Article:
Aging Pets, Body and Brain Changes

Aging pets’ physical changes may at first escape our notice — the years pass and while we are busy being busy, one day we look up and seeaging pets our best friend having a little trouble getting up after a nap. We wonder exactly when this began, realize it’s painful and make an appointment with the vet. Excessive panting, sleeping, changes in appetite — none should be ignored. Talk to your vet about the changes your senior pet is going through and when you should bring the dog in to be seen.

At my last visit to the vet with my dog Tashi a newly developed cataract was checked. I knew changes could occur, and asked what to be aware of. He told me to gently — Shih Tzus have shallow eye sockets — apply pressure to the top of the eyelid and check for any hardening of the eyeball. If I found any, I was to bring him in. He showed me how to do a check and let me feel what is normal so I would have something to measure it by. I have found I can do a bilateral check which will make changes easier to feel if they occur.

If you’re like me, your dog or cat sleeps on your bed. This gives you a good idea of any breathing or sleep difficulties, if s/he is waking up in the night, is restless or wanders around the house. Behavior changes can happen so gradually they’re easy to miss if you’re not paying attention. Does your dog suddenly go into the wrong room to go to bed? This may signal cognitive dysfunction. Is your cat uncharacteristically talkative? Yowling around the house could be a sign of hearing loss.

Steve Dale talks to Dr. Gary Landsberg, Veterinary Behaviorist, about problems of aging pets in this video. Enjoy!

 

6 comments
sallykwitt
sallykwitt

Excellent post.  It is hard to worry about our pets as they are older or have an illness.

MySlimDoggy
MySlimDoggy

Good advice. We've lost 3 of our seniors over the last few years. Watching them slow down is tough, but this experience has helped me recognize the symptoms and will help me care for the two almost seniors we have now. We've been adopting seniors for the last few years. They are sometimes hard to place and we have a nice flat ranch house in the country, so no stairs and lots of room. Knowing when to let them go is the toughest. Advice on that from Dr Landsberg would be welcome.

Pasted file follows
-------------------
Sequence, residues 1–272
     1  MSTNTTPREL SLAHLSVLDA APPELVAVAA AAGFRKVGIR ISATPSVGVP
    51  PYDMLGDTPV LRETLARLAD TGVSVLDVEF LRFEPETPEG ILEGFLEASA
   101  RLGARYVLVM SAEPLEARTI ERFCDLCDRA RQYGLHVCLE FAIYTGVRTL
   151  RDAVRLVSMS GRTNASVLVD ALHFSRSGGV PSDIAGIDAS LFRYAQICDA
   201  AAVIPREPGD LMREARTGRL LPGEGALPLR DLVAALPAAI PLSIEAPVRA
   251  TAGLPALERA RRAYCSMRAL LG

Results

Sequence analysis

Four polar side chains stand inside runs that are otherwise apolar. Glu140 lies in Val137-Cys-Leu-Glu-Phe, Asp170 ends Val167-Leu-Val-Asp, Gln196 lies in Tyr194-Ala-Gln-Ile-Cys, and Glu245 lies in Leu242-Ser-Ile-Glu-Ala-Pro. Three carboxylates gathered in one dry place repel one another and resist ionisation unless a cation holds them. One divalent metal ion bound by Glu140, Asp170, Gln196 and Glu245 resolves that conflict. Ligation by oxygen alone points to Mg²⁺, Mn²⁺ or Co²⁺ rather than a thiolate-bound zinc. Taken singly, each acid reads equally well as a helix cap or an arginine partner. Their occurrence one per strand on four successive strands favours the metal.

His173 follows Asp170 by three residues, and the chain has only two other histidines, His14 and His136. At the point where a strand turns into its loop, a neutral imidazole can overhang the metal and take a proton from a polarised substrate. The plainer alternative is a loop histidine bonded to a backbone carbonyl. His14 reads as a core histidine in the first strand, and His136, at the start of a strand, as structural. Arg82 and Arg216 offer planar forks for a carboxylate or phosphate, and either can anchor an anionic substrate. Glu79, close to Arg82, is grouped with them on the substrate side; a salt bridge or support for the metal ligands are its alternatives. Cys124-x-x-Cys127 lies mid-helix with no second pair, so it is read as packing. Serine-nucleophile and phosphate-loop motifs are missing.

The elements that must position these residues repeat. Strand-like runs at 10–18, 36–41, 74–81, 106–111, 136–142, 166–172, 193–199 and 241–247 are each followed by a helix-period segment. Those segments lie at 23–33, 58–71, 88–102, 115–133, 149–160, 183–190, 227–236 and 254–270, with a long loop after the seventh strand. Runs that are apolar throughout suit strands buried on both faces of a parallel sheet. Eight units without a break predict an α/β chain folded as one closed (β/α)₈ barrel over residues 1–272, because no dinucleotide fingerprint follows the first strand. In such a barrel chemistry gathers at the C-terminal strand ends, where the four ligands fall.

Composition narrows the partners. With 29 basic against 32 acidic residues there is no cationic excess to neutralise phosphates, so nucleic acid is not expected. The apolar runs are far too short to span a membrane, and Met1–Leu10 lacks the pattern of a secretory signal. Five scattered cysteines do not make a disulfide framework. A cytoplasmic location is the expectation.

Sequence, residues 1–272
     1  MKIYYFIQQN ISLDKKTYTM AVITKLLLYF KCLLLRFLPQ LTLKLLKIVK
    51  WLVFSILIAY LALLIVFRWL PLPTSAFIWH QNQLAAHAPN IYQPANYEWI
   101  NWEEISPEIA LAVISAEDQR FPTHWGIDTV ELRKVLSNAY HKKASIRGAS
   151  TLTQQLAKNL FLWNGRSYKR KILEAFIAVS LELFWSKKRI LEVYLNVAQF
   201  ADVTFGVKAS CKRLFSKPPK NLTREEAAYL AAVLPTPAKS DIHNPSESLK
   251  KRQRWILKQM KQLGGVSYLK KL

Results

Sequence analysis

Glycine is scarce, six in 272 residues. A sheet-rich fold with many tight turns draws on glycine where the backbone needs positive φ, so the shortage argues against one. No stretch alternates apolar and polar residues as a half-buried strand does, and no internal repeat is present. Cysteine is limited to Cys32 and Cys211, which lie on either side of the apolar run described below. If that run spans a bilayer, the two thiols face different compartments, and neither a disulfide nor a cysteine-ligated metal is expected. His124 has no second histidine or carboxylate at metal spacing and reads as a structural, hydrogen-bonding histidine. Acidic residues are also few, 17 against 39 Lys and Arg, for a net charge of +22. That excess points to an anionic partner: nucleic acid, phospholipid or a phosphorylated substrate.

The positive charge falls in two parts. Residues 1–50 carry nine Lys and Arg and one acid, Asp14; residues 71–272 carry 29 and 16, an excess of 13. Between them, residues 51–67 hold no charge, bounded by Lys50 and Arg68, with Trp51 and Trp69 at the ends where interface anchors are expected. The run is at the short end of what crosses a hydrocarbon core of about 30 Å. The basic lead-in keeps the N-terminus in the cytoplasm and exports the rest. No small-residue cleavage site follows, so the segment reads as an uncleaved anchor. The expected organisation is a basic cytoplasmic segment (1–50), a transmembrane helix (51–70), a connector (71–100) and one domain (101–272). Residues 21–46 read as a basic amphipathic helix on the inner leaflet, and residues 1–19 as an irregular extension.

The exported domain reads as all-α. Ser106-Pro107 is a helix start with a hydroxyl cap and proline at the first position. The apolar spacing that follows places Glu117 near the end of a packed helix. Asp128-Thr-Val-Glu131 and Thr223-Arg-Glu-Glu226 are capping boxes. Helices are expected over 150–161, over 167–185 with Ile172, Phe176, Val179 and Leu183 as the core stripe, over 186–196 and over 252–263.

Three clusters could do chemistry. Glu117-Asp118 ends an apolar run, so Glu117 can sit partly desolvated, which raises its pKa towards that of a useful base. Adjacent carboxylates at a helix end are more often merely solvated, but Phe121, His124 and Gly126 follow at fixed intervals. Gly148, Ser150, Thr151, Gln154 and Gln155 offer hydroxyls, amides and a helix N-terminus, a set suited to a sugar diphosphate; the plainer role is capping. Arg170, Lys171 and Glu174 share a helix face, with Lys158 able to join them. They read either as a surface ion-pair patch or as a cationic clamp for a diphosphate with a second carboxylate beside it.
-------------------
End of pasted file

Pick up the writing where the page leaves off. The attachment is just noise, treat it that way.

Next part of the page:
MoversEdge
MoversEdge

Thanks very much for the advice, Miss Mary (@DancingDogBlog)!  It was especially helpful for you to include the video with Dr. Landsberg.  We have several rescued pets (8 in all at the moment), and our senior beagle, Tally, is getting older indeed.  It's hard to watch them age, but we wouldn't trade her for the world.  Thanks again! -@ConsumersTips 

MaryEHaight
MaryEHaight

 @MySlimDoggy It is very tough to see, isn't it...sigh. But I think it's wonderful that you are taking in seniors! It's always hard to know when it's time, but it's true we learn from our previous dogs and our own vets about what quality of life means in each circumstance. It is important to have a partnership with your vet when you're dealing with changes in your senior dog(s)...a good relationship can be safety net for both you and your dog -- they avoid suffering as much as possible and in turn so do you Thanks for your thoughtful comment =).

MaryEHaight
MaryEHaight

 @MoversEdge This may be a second comment, as the first seems to have disappeared;)  It's great that you have all those rescued pets! 8 is a lot and I am sure they are so happy for your generosity =) Thanks for chiming in, Scott!